2) Cooling down the CPU also cools the mommaboard. This reduces heat transfer to your very heat sensitive system RAM and even more heat sensitive video RAM as well. Water cool the GPU and you will reduce mommaboard temps as well. A few Intel's benefit from a water block on the chipset, but ask Danger Den by calling them if that applies to you. Just because they make a cooler for something doesn't automatically mean you'll benefit from it. Always call them once you've finalized plans to see what imput they'll give you. Quite often, they can save you time, money and trouble. Well worth the phone call if you ask me.

Cooling down the mommaboard will make it so when you overclock, you can do so while not opening up RAM timings so fast. This way you get a better yield from any overclock. Even if you don't overclcock the CPU or GPU, you can still benefit by having tighter RAM timings at stock speeds or close to stock speeds than on air cooling as well as longer lifespan of components.



3) Water cooling is quieter, but not quite silent when done WELL. The smaller the radiators you use and the smaller the pumps in general, the louder it will be. Passive cooling gives how would I politely say this?... passive results?



 

Luckyboy1

Senior member
Mar 13, 2006
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Oh yeah, one more point!

Water cooling WELL is not cheap to setup. But look at the investment in pumps and radiators, fans to cool the radiators, reserviors and most of the hosing and clamps as a long term investment. These parts should be chosen with extra care because you will use them for years to come.

After that, maybe, and just maybe when you go to a new board you'll need a new water block. Quite often, you won't need any changes to the water block. Sometimes, all you'll need to buy is a new top for the water block so it will fit. Ease and completeness of fit is critical in water block design. A water block may be slightly more efficient than the next, but if it doesn't mount with ease like the Danger Den ones do, it is mostly a theoroetical benefit and can lead to disaster, like with any other ill fitting or hard to mount air product. Skimp on the water blocks and forget the benefits of water cooling as well. the cheapy blocks and even some of the more expensive ones are fully 50% less efficient at transferring heat as the Danger Den water blocks. I'd say the copper ones give you the best bang for the buck. Going to silver plating yields little extra and even Danger Den will tell you that as well.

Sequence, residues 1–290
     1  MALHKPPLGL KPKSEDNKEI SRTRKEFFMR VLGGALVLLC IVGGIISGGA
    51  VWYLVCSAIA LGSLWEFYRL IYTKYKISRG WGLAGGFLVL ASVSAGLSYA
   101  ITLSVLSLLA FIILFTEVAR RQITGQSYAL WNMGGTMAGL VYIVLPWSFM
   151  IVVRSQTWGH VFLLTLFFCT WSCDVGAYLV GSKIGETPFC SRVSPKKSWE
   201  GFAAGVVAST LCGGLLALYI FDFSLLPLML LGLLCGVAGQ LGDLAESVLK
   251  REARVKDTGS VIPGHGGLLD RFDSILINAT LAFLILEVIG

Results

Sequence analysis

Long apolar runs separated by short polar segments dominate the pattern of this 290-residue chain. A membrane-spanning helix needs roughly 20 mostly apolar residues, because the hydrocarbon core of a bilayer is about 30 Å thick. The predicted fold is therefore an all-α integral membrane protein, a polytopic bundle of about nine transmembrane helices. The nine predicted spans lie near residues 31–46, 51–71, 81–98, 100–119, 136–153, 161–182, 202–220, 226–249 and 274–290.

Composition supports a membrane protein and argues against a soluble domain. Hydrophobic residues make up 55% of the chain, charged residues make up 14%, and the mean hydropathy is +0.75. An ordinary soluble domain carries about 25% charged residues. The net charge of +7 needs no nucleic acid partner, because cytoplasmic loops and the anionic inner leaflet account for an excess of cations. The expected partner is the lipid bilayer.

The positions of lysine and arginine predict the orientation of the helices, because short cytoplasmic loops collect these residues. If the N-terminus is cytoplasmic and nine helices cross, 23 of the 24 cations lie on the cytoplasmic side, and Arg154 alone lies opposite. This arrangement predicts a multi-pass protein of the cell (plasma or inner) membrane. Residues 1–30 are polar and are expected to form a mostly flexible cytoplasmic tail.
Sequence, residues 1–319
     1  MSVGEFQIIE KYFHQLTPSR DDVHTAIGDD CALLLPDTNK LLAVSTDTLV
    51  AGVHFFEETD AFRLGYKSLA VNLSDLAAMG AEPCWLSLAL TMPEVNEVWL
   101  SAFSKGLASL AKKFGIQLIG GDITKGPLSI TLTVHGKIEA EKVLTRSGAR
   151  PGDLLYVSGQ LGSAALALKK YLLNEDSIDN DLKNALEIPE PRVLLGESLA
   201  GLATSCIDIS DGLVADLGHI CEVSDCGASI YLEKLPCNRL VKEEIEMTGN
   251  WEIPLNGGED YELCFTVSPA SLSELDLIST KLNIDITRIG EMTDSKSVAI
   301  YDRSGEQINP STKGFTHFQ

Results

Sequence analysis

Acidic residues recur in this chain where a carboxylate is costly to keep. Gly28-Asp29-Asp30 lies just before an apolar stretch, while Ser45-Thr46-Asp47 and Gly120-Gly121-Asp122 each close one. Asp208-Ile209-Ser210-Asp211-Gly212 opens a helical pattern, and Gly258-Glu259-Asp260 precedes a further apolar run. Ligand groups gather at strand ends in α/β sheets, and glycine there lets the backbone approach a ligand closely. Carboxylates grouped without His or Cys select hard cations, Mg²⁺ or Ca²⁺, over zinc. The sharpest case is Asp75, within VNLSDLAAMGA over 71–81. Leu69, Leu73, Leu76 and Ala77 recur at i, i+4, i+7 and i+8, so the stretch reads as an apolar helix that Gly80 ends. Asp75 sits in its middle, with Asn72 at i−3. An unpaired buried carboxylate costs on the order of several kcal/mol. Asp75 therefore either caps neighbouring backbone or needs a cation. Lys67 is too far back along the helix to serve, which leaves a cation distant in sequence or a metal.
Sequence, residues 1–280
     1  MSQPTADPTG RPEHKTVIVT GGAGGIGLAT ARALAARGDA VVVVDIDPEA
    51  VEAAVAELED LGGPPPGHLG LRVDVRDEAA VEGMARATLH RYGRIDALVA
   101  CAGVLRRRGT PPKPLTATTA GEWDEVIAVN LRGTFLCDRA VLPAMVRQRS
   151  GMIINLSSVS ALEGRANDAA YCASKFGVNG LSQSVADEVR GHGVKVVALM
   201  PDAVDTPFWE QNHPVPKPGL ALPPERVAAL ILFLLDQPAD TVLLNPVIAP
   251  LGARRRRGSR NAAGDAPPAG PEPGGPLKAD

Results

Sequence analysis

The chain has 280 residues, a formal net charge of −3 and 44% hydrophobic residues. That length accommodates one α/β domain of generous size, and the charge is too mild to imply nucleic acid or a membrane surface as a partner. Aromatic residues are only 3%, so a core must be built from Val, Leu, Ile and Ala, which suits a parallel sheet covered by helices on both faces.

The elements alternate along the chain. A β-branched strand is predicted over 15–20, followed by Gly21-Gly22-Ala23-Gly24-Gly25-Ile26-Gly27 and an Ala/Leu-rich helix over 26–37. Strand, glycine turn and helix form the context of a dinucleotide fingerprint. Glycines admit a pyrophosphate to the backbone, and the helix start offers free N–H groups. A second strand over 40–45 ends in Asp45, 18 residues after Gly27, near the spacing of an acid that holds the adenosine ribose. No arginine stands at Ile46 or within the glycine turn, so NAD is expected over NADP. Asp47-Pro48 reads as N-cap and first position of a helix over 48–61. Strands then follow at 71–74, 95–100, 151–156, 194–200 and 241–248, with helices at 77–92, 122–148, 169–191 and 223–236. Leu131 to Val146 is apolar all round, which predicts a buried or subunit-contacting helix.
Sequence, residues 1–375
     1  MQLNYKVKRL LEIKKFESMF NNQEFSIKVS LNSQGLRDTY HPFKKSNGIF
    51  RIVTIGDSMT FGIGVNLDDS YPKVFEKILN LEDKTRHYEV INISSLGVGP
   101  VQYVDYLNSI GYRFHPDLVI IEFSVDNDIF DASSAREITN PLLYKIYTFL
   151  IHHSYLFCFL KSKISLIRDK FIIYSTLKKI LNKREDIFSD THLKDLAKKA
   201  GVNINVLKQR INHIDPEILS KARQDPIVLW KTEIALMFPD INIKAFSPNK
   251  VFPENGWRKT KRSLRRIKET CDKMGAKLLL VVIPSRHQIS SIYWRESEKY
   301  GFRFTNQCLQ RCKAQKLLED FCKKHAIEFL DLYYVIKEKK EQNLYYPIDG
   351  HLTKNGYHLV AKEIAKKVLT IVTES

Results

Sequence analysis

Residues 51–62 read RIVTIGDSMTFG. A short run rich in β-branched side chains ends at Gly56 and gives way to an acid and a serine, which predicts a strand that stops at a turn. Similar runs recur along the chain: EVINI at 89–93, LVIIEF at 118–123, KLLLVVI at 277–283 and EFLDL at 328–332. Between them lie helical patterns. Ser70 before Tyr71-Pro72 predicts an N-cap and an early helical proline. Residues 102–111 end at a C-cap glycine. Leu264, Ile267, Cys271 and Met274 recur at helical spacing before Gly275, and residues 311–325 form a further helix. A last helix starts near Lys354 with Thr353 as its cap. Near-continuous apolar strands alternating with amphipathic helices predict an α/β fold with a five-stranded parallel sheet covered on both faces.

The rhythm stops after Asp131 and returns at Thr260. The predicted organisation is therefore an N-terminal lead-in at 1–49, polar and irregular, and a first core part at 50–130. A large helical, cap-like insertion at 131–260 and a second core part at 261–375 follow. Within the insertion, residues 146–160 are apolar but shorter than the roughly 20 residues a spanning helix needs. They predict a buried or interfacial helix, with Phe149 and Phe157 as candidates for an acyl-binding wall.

Lucid Faia

Junior Member
Apr 17, 2006
18
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I guess I should have posted the specs of the system before posting; I apologize. After reading everyone's insights, I think air cooling will be ample for my needs.

Thanks to all who posted.
 

aigomorla

CPU, Cases&Cooling Mod PC Gaming Mod Elite Member
Super Moderator
Sep 28, 2005
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Originally posted by: Luckyboy1
Oh yeah, one more point!